Was it the car or the driver that made the difference? Definitely the driver. A car is an inanimate object — like a gun — that is only benign or dangerous when a human is operating it. I’m not a psychologist, but I do know that cars have an effect on a person’s disposition and common sense, although I couldn’t tell you why. I think it’s all about power and control that otherwise one might not have in his/her life. It does, however, depend on the type of car one drives. Have you ever noticed most people that drive mini-vans are cautious, traffic-law-abiding drivers while those that drive Corvettes are always going faster than the posted speed limit? And I’ll wager that the mini-van drivers have clean driving records and some of the lowest car insurance premiums available while the Corvette drivers have a couple of moving violations to their name and some of the highest insurance premiums.
The cost of speeding tickets is relatively minor — although they, too, can be onerous depending on how fast you were driving — compared to the cost of insurance for a bad driver. I was fortunate enough to have learned a vary valuable lesson at an early age and many years ago when insurance companies were still operated by real people. With two speeding tickets and a minor accident on my record, my insurance carrier was ready to cancel my policy. My agent was able to convince the underwriter to give me a second chance, and I proceeded to clean up my record and become a “safer” driver.
Today, computers manage a persons insurance policy. A machine makes the decision whether to keep you or not. Three tickets and you’re out; two accidents and you’re out. There’s no intervention by your agent. For three years — and that’s only if you maintain a clean driving record — you’ll be paying insurance premiums that would make the price of a 60″ plasma TV look cheap.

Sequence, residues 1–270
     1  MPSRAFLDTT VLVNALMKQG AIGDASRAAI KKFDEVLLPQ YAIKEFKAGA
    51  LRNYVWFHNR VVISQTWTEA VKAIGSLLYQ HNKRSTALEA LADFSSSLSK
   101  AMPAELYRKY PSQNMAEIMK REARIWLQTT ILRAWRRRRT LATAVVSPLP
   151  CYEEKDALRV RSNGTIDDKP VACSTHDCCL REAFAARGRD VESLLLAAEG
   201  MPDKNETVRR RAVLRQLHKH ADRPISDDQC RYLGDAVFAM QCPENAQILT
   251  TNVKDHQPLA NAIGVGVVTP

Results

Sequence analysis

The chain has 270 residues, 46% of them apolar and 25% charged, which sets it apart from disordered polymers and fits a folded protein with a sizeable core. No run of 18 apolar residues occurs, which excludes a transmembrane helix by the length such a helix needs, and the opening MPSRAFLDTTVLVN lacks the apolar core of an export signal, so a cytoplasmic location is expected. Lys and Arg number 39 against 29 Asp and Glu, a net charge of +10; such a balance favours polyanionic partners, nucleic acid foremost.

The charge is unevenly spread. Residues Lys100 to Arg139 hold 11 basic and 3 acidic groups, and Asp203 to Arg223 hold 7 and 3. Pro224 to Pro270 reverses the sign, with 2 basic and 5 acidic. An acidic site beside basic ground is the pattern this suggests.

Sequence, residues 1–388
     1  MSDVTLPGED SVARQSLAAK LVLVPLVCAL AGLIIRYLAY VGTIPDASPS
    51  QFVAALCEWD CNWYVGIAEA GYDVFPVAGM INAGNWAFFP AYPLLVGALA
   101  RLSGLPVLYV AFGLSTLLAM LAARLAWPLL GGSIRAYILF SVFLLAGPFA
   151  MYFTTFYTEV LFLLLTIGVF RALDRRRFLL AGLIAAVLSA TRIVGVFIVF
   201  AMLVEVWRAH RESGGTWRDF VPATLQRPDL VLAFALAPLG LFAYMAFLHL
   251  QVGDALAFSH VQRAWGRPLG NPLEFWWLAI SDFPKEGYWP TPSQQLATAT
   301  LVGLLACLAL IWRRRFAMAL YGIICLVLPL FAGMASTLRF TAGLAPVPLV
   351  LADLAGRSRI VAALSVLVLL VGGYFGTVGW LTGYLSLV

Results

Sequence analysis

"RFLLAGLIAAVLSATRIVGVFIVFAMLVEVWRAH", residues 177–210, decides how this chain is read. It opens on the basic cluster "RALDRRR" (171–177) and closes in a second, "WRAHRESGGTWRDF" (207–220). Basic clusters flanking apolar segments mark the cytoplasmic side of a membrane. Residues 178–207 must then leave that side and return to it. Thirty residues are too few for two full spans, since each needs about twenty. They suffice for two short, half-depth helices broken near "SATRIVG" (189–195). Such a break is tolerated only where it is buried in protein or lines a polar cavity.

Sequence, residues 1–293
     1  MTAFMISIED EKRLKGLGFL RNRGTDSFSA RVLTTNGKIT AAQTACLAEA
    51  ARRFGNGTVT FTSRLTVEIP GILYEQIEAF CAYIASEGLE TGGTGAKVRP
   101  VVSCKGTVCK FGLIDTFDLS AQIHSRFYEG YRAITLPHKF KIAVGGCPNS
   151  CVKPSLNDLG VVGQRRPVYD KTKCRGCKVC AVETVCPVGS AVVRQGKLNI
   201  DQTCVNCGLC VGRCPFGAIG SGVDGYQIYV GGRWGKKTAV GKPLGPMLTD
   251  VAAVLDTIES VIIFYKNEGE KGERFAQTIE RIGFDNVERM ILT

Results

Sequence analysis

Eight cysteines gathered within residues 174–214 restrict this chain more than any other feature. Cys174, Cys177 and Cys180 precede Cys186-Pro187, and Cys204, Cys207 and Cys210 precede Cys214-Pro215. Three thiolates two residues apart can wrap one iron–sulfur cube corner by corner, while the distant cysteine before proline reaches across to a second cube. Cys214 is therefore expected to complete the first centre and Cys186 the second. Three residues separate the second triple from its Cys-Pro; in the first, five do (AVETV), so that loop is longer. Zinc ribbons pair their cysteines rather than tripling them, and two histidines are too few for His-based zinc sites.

There are many factors that affect the cost of auto insurance. Some of them you have control over:
1. The type of car you drive.
2. The way you drive that car.
3. How well you maintain your credit.
Yes, even a bad credit report can affect the cost of your insurance. Other factors, like an insurance company’s underwriting guidelines, are out of your control. But the ones you do have control over are the very ones that affect tha cost of your insurance.
Is it worth the effort to change your driving habits? Absolutely!! Paying more for car insurance than you have to is money down the drain — lots of money — money that you could put to much better use. The only thing standing between you and potentially many thousands of dollars is your attitude towards your automobile. Treat it as something that takes you from Point A to Point B and not as your alter ego — Superman, Wonder Woman or Bruce Willis — and you will be money ahead — lots of money.
By Candee Lynn Wilson
The Saving Lady